OK, that’s a start. There is so much more ground to cover. What about a theology of gender? A theology of divorce and marriage? A theology of victimization? What else?…let me know! I wanted to begin with the big categories.

Ultimately, this is a challenge to mature theologically, as well! With John Calvin and Augustine, I believe that self-knowledge is a prerequisite for any healthy God-talk. When theology and psychology become friends, wonderful things happen. I could name a number of more recent books by theologians that are beautifully self-reflective. How does this post invite you to reflect more carefully on your own theology? How does the theological tradition you are in reflect your own psychological needs or dispositions? What about this post connected with you, and needs further reflection on your part?

Image result for what are your thoughts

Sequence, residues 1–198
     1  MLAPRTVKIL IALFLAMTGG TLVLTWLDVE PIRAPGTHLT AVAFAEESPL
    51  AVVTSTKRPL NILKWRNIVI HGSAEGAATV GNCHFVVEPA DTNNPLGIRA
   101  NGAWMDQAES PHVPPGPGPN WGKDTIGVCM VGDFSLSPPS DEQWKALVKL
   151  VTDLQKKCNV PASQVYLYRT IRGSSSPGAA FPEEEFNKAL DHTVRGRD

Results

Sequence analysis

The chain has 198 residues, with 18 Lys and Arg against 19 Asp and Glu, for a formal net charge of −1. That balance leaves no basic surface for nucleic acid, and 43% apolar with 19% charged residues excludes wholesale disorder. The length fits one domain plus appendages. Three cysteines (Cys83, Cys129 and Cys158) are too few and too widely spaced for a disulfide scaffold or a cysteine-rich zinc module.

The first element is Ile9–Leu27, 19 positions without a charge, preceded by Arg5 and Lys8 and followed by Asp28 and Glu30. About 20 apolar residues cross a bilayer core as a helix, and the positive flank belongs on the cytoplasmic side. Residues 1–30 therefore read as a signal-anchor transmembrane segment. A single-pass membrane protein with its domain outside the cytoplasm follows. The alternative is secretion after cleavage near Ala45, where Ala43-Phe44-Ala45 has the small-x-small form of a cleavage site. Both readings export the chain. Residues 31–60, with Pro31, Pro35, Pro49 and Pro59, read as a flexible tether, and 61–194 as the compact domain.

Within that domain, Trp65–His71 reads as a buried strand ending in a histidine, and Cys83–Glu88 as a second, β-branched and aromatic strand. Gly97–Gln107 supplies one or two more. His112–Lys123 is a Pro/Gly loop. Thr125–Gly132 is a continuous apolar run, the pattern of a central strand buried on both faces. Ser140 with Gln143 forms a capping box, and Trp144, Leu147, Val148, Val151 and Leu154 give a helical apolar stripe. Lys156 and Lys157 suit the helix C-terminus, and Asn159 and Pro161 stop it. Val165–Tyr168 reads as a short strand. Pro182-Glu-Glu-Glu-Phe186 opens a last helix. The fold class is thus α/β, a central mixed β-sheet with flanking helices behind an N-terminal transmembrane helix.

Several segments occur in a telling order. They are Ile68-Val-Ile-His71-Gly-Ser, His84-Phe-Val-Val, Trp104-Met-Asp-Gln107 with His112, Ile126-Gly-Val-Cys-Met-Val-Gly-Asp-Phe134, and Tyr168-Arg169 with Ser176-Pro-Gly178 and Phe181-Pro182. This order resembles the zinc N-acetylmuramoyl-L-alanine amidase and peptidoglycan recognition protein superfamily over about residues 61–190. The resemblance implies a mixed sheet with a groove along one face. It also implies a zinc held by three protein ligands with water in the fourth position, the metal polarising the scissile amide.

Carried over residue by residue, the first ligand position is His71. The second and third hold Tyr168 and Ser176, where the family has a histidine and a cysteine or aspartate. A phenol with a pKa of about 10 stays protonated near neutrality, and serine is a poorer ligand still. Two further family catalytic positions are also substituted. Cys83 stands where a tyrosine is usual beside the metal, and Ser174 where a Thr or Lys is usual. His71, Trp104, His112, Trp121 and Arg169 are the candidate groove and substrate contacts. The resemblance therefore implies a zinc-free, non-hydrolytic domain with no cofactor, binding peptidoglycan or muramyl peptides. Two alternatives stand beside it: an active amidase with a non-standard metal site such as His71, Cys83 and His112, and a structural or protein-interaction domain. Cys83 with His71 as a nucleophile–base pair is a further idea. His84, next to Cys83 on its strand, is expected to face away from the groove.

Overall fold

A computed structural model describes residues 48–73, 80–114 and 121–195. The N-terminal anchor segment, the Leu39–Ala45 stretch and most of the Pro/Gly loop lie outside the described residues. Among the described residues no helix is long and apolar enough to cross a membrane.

When Narcissism Doesn’t Look So Grandiose – “Vulnerable” Narcissism

I thought you’d be interested in this short tid-bit I’ll elaborate on in the book.

In nearly 20 years of counseling diagnosably narcissistic individuals and in two years of writing (in fits and starts!), I thought I had a pretty good grasp on definitions. That is, until I got the big green book, the Handbook of Narcissism and Narcissistic Personality Disorder. Paging through the dense volume, I came upon the phrase Narcissistic Vulnerability. An entirely new dimension of narcissism was opened to me.

Cover art

You won’t find a distinction between grandiose and vulnerable narcissism in the DSM-IV diagnostic criteria. As it sounds, grandiose narcissism looks like the classic definition of grandiosity – supposed superiority, a lack of empathy, impairments in identity and intimacy.

On the other hand, vulnerable narcissism looks more fragile, hyper-vigilant, shy, sensitive, and depressed. It may look a bit more like Borderline Personality Disorder, but it isn’t – it is another face of narcissism.